Elevators posed a challenge for the Techi Butler and Techi Cart — not just for interoperability, but also for human-machine interaction, he said.
“Again, people working with robots didn’t share elevators with robots, but in hospitals and hotels, the robot needs to complete its job alongside people,” Muthupillai said. “After three years, we’re still modifying or adding functionalities, and the robots can take an elevator or go across to different buildings.”
“We’re not currently focusing on the supply chain industry, but we will license and launch the base into the market so that third parties can create their own solutions,” he said.
Differentiators for Techi Butler and Cart
“We provide 10 robot models for four industries — no single company is a competitor for all our markets,” said Muthupillai. “We have three key differentiators.”
“First, customers can engage one vendor for multiple needs, and all of our robots can interact with one another,” he said. “Second, we talk with our clients and are always open to customization — for example, about compartment size — that other’s can’t do.”
“Third, we work across industries and can share our advantages across them,” Muthupillai claimed. “Since we already work with the healthcare industry, we already comply with safety and other regulations.”
“In hospitals or hotels, it’s not just about delivering a product from one point to another,” he said. “We’re adding camera and voice-recognition capabilities. If a robot sees a person who’s lost, it can help them.”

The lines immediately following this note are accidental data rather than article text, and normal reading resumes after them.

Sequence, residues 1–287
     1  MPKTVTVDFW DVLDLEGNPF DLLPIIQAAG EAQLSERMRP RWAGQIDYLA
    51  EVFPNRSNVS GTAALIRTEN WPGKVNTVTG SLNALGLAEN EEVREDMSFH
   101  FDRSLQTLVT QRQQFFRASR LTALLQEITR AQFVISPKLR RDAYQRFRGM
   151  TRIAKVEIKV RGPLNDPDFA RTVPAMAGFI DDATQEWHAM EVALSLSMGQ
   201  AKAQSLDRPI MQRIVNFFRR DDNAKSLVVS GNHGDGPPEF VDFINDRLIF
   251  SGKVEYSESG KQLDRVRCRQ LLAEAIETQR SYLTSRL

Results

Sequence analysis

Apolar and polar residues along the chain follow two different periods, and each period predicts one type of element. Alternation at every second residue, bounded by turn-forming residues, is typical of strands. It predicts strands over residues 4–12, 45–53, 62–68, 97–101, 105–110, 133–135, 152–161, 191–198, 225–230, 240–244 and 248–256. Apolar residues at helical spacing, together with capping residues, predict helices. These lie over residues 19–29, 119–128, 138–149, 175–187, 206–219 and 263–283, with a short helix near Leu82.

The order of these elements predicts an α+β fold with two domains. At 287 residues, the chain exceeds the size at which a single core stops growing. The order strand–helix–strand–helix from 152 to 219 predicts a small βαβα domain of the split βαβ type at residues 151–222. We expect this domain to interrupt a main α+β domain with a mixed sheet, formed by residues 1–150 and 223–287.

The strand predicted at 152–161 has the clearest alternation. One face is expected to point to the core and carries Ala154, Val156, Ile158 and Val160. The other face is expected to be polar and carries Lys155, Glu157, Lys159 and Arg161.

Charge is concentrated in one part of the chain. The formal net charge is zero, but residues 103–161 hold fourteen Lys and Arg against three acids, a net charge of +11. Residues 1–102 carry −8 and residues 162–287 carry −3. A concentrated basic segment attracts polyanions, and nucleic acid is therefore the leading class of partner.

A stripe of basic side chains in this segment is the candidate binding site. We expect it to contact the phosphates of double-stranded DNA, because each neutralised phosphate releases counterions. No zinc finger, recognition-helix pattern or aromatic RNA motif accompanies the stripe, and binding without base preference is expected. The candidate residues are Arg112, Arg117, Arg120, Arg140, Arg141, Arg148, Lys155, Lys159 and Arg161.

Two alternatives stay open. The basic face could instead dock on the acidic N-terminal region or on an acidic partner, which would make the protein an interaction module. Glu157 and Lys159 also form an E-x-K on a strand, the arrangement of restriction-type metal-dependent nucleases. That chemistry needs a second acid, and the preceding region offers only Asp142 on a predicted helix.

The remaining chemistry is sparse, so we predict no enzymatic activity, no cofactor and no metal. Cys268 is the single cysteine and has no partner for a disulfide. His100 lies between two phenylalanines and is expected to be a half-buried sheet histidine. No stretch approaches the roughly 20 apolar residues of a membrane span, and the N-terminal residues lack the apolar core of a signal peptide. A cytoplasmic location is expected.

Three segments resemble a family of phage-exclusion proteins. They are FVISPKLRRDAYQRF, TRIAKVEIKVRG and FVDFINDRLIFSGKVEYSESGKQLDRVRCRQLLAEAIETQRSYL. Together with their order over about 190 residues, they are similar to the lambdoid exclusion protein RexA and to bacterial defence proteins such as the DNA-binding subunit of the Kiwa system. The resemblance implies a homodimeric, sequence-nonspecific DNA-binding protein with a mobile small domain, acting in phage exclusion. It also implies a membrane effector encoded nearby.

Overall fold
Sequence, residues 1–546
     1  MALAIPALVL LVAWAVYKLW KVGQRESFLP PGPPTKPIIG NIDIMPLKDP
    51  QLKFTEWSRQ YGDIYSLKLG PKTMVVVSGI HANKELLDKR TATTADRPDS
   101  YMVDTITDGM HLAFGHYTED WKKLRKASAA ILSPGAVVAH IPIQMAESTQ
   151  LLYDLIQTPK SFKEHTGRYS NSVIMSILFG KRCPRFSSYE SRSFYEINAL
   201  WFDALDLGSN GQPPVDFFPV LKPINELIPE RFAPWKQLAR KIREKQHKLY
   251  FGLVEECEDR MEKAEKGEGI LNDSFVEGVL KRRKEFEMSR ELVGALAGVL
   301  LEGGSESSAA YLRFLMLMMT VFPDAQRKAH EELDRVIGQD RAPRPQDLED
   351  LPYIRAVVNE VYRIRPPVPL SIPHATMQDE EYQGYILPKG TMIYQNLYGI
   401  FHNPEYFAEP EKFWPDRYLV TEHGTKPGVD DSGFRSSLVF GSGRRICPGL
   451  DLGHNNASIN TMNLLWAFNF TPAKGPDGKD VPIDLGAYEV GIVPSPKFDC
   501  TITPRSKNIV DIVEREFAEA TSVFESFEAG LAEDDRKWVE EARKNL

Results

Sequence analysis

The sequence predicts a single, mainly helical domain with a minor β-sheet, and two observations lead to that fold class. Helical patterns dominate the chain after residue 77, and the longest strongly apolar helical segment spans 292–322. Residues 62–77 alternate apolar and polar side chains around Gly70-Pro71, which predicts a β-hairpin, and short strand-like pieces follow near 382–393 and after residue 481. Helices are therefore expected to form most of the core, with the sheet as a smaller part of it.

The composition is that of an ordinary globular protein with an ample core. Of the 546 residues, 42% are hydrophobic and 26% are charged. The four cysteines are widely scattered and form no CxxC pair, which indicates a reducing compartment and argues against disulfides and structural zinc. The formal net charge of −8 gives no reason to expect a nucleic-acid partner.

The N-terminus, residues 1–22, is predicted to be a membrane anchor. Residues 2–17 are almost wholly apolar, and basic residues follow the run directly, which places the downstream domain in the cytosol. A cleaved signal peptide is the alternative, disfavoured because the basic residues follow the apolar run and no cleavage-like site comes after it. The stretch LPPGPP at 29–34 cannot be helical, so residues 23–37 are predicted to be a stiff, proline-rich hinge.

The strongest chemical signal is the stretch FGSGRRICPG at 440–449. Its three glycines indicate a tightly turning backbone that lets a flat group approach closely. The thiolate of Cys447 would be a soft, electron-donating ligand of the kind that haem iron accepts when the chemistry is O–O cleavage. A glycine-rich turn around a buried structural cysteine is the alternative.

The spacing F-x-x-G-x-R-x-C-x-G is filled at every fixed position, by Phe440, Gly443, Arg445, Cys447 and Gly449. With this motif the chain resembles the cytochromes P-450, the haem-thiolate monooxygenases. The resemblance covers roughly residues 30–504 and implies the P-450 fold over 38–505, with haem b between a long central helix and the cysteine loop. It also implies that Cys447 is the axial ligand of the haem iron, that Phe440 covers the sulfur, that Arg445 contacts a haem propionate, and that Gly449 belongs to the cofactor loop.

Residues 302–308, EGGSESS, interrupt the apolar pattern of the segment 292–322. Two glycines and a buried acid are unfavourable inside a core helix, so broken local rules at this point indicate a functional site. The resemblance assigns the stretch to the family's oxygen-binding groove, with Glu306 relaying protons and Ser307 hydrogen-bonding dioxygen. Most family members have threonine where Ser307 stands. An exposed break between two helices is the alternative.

Distribution and expansion
Techmetics’ mobile robots are manufactured in Thailand. According to Muthupillai, 80% of its robots are deployed in hotels and hospitals, and 20% are in manufacturing. The company already has distributors in Australia, Taiwan, and Thailand, and it is leveraging existing international clients for its expansion.
“We have many corporate clients in Singapore,” Muthupillai said. “The Las Vegas Sands Singapore has deployed 10 robots, and their headquarters in Las Vegas is considering deploying our products.”
“Also, U.K.-based Yotel has two hotels in Singapore, and its London branch is also interested,” he added. “The Miami Yotel is already using our robots, and soon they will be in San Francisco.”
Techmetics has three models for customers to choose from. The first is outright purchase, and the second is a two- or three-year lease. “The third model is innovative — they can try the robots from three to six months or one year and then buy,” Muthupillai said.
Muthupillai said he has moved to Techmetics’ branch office in the U.S. to manage its expansion. “We’ll be doing direct marketing in California, and we’re in the process of identifying partners, especially on the East Coast.”
“Only the theme, colors, or logos changed. No special modifications were necessary for the U.S. market,” he said. “We followed safety regulations overseas, but they were tied to U.S. regulations.”
“We will target the retail industry with a robot concierge, probably by the end of this year,” said Muthupillai. “We will eventually offer all 10 models in the U.S.”
Filed Under: The Robot Report, Robotics • robotic grippers • end effectors